History of racing


Horses are fast animals and their speed and stamina has helped them to survive. Since humans first started keeping written records, there is proof that they have used horses for racing. Among the first recorded events that took place were races at the Ancient Greek Olympics, with horses being ridden by jockeys or pulling chariots (around 800 years BC, or 2,800 years ago.)


Ancient Greek Racing


Records show that around seven hundred years later, the Romans first brought racing to Great Britain.


Modern racing began in the 12th Century when English Knights returned from the Crusades with Arab horses, which were then bred to the strong, sturdy English mares to produce a horse that had could run fast and keep going for a long time! (See our breeding history page for more information).


Early races took place on “The Roodee” which is now Chester racecourse and at Smithfield market in London.


Racing started to become popular when King James I (1603-1625) (pictured below) had a palace built in Newmarket. The Royal Court moved there and used the wide open spaces and the hill (Warren Hill) to race on.


King James 1

As the King enjoyed it so much, racing and the breeding became a very popular pastime. However after King Charles I (1625-1649) was overthrown and England became a Commonwealth under Oliver Cromwell, racing was banned until Charles II (1660-1685) came to the throne. Charles II was very passionate about racing and spent a lot of time in Newmarket - so much so that the House of Commons petitioned him to spend more time running the country!! This is why racing became known as the “Sport of Kings.”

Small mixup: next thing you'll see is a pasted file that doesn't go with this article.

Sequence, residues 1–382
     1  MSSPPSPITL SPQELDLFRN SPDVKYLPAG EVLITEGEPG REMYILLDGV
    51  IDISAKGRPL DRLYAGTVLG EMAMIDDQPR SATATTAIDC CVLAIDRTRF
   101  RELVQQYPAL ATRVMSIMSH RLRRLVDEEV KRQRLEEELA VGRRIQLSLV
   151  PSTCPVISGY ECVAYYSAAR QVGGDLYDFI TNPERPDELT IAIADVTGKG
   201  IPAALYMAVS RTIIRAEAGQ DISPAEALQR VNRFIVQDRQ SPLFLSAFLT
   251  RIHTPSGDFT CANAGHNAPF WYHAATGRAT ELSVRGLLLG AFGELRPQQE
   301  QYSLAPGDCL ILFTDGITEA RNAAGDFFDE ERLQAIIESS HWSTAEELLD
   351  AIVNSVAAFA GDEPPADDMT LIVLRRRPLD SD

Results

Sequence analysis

His favourite horse was called Old Rowley. There are two racecourses in Newmarket and one of them is named after Old Rowley and is known as the Rowley Mile. The other is called the July course.



Charles II introduced the Newmarket Town Plate, one of the oldest races run under rules and still run to this day. The prize to the winner is eight pounds of Newmarket sausages!




Racing first became a professional sport during the reign of Queen Anne (1702-1714). She introduced racing at Ascot where the main meeting became known as the Royal Meeting (Royal Ascot). The Queen Anne Stakes was named after her. Here is Cape Cross winning the race for Godolphin in 1999.



In 1740, Parliament introduced an Act for racing but it wasn't until 1752 that the Jockey Club was formed to run racing. The Jockey Club still exists but in 2006 the Horseracing Regulatory Authority took over the running of racing. Almost six million people attended the races in Britain in 2014, making it the second most popular sport in the country after football.